Retirement homes should receive government subsidies: top geriatrician

Posted on September 21, 2010 in Child & Family Policy Context

Source: — Authors: – Health – Move could help ease hospital gridlock
September 20, 2010.   By Pauline Tam, The Ottawa Citizen

Governments should consider subsidizing the cost of privately run retirement homes as an antidote to overcrowded hospitals and a backlog in nursing-home admissions, says the outgoing head of Eastern Ontario’s geriatrics program.

Such a move would effectively expand the stock of supportive housing for seniors and, possibly, be a step toward regulating retirement homes more like nursing homes.

“If you’re a senior with dementia who has no caregiver and no bucks, we use a very expensive solution, which is long-term care. Why wouldn’t we subsidize retirement homes much more? Much less cost,” said Dr. William Dalziel, a geriatrician at The Ottawa Hospital.

A basic bed in a retirement home costs between $50 and $250 a day — but usually toward the low end of that range — while a nursing-home bed costs up to $220 a day.

The Ontario government spends $3 billion a year on provincially licensed nursing homes, and co-payments are estimated to cost families another $1 billion.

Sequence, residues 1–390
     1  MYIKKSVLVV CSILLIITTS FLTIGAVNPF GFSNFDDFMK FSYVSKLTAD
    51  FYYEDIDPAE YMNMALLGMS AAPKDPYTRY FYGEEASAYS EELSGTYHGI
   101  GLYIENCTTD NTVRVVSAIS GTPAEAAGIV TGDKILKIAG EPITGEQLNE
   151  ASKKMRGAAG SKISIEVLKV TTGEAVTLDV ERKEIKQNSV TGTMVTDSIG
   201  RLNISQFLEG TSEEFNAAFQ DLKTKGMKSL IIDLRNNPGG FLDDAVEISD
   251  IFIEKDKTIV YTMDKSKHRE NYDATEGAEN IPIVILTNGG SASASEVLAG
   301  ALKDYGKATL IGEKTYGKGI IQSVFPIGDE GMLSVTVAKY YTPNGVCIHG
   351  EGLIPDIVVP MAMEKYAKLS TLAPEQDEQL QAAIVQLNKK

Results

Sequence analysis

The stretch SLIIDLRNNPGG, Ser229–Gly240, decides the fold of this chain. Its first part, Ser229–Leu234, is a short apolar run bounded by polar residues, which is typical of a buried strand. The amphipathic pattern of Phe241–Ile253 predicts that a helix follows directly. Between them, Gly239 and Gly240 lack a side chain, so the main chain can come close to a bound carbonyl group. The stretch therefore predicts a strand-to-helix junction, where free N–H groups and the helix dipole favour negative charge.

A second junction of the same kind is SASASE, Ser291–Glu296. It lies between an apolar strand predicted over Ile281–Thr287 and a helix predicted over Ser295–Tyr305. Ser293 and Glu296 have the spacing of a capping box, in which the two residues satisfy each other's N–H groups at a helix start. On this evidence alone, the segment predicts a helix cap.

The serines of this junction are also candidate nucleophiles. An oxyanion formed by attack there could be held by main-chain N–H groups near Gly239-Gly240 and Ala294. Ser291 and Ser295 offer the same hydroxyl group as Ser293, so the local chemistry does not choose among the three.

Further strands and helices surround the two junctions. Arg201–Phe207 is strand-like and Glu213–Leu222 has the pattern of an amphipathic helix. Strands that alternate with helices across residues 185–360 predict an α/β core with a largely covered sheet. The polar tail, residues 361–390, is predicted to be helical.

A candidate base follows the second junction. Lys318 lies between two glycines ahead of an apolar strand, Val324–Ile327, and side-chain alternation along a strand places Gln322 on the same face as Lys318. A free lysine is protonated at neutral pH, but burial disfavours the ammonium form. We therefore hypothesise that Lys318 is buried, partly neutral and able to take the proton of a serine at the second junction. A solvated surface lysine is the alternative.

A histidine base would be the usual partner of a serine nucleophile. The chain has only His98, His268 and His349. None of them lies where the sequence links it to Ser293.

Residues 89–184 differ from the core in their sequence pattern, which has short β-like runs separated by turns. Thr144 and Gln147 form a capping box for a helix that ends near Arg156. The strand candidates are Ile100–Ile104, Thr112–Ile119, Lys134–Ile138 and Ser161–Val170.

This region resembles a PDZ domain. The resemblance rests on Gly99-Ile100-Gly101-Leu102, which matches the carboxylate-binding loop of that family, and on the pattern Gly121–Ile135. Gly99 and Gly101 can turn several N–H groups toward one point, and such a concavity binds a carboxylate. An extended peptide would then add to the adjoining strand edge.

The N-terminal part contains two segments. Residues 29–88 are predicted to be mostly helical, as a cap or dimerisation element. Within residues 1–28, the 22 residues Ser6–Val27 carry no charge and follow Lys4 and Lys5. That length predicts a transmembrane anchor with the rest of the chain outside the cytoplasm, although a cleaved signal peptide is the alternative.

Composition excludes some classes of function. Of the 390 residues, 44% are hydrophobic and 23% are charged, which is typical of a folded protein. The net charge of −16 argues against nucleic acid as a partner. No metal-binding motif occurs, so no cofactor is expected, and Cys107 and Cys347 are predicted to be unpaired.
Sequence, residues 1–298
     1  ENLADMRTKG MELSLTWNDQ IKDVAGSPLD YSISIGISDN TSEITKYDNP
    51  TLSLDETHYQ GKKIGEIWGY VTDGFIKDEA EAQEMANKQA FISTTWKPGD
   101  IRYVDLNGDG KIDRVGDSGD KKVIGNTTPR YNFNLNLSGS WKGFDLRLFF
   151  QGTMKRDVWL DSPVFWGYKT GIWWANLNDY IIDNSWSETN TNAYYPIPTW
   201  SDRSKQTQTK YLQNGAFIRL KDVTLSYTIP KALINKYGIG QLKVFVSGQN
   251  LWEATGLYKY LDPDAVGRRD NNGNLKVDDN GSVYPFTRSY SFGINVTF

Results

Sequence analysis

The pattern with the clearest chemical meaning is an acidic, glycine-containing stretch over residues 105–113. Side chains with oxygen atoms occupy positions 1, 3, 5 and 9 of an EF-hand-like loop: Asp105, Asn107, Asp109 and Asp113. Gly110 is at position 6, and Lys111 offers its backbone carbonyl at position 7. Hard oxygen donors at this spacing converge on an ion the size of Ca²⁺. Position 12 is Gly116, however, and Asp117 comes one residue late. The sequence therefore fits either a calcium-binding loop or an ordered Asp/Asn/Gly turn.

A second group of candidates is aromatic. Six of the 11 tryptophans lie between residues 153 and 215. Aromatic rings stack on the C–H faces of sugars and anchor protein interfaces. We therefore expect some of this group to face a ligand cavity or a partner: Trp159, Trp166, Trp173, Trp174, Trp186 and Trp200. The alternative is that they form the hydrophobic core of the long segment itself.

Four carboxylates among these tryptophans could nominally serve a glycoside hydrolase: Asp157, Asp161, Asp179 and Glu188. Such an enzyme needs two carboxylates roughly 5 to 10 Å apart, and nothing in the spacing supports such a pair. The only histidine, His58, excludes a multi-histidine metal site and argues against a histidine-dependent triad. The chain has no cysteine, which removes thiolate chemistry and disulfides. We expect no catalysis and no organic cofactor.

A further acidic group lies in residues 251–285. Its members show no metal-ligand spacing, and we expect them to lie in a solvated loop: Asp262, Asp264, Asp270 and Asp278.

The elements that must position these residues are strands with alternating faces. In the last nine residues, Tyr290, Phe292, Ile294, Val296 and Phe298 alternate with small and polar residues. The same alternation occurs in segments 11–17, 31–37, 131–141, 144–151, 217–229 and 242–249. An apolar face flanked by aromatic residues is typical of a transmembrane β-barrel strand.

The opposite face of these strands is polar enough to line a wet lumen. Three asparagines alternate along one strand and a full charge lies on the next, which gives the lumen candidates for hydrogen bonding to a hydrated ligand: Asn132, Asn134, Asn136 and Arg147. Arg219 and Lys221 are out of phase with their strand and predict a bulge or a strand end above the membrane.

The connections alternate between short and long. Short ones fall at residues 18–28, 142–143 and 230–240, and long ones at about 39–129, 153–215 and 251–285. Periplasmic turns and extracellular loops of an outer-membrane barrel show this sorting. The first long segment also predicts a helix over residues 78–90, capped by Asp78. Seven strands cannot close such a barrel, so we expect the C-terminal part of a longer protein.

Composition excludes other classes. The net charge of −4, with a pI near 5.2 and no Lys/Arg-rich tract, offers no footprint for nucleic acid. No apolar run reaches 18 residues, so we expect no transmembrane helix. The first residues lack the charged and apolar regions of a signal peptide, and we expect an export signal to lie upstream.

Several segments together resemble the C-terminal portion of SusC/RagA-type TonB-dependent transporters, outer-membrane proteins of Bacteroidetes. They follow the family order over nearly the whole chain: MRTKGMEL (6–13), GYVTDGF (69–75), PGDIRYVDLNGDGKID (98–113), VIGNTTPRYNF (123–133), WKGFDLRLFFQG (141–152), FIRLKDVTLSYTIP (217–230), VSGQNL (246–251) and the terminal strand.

The tab does not include the millions that are spent on building new nursing homes.

A recent study commissioned by eastern Ontario’s health authority found that many seniors are on the waiting list for nursing-home beds not because they need round-the-clock nursing care, but because they can’t afford retirement homes.

Dalziel argued more also needs to be done, through tax breaks and caregiver allowances, to support families struggling with the financial toll of elder care. Last fall, Nova Scotia became the first province to introduce a caregiver allowance that provides up to $400 a month to family members who look after someone with a disability or chronic illness.

Dalziel, 59, made his remarks in an interview to mark his imminent retirement from the top job of a program he founded 25 years ago.

The Regional Geriatric Program of Eastern Ontario was the first of its kind in the province and became a model for others across Ontario.

As one of the first geriatricians to be recruited to Ontario, Dalziel pioneered a number of elder-care services at The Ottawa Hospital, many of which have gone on to be adopted province-wide.

They include:

– Specialized teams of outreach nurses, therapists and social workers to assess the in-home and medical needs of seniors living on their own or with their families.

– Dedicated nurses in hospital emergency rooms to attend to the elderly.

– The province’s first in-patient unit devoted to frail elderly patients who no longer need hospital care, but are awaiting nursing-home placements.

But repeated service cuts, as eastern Ontario hospitals have struggled to balance their budgets, have erased any progress on elder care, said Dalziel. “We squandered the head start that we had.”

In the process, Dalziel has become highly critical of how hospitals, including his own, fail seniors, even though they are the health-care industry’s biggest customers. Once hospitalized, frail elderly patients are too quickly labelled as candidates for nursing homes and left to languish without proper care, Dalziel said.

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